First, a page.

Karate 1.0 – Review

I rarely buy Karate-do books in English; at least not for a very long time. In fact I’ve sold most of my Karate-do books over the past couple of years and have never regretted the decision. With few exceptions, they were mediocre at best, and at their worst poorly written and researched. I find this both shocking and humorous at the same time – so many supposed “experts” writing books on Karate-do yet they have no understanding of the history, culture, language and traditions from which their art stems from.

Recently I was sent a copy of Karate 1.0: Parameter of an Ancient Martial Art by Andreas Quast and was very pleasantly surprised at what I read; perhaps even a little shocked. Not by any controversy, unpublished documents, or “secret” family kata contained in it’s pages, but by the quality, breadth and depth of the information presented – the history, philosophy, politics, and sociology that went into the development of Karate-do and Kobudo.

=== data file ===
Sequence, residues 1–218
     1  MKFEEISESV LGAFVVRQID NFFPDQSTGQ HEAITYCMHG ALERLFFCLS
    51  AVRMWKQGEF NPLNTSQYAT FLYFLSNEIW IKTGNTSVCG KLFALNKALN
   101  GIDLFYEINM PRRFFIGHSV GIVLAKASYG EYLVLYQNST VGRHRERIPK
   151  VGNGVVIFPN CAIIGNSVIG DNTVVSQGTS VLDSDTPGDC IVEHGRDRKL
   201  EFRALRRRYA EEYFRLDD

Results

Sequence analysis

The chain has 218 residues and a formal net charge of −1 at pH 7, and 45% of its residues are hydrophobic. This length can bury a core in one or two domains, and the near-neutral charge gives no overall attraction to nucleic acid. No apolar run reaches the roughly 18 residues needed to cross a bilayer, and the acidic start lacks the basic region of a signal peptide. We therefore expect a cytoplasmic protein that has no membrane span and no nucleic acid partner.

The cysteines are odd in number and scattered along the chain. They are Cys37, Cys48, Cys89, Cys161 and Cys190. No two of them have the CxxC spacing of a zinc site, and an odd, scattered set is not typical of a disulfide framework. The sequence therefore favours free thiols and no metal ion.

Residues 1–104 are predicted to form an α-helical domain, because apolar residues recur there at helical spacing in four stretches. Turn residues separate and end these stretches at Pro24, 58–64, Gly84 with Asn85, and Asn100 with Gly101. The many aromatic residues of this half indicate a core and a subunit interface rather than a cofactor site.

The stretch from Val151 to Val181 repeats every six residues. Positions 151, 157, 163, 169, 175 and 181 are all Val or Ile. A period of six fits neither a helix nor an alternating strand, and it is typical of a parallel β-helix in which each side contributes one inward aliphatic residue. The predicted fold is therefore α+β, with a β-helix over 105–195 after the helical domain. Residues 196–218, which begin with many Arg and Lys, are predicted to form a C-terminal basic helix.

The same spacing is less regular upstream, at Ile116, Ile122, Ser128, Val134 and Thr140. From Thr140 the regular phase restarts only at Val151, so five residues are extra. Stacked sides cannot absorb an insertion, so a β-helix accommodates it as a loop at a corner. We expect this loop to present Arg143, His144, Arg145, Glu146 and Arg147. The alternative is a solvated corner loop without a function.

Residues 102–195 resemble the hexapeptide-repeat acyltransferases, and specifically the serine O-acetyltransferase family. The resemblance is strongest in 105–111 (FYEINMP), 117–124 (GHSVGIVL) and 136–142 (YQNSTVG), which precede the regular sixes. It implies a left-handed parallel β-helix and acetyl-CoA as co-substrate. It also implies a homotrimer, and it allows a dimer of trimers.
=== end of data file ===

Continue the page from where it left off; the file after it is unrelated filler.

I am a Karate “otaku” so naturally I loved it. But I should warn you that if you’re looking for a “how to” book on Karate-do or another book teaching the latest paired kata applications, then this book will fall on deaf ears. It is a dense, fact driven, meticulously researched book on the phenomena of Okinawa Karate-do and Kobudo. In fact, at 500 pages it reads more as a doctoral thesis at times with clear, concise and direct language, and supporting references. This may scare some readers and to that I say “good”! If that’s the case then this book is not for you. But if you’re interested in truly understanding the landscape from which Okinawa Karate-do and Kobudo emerged, then I think you will thoroughly enjoy Karate 1.0.  A sample of the book can be found here.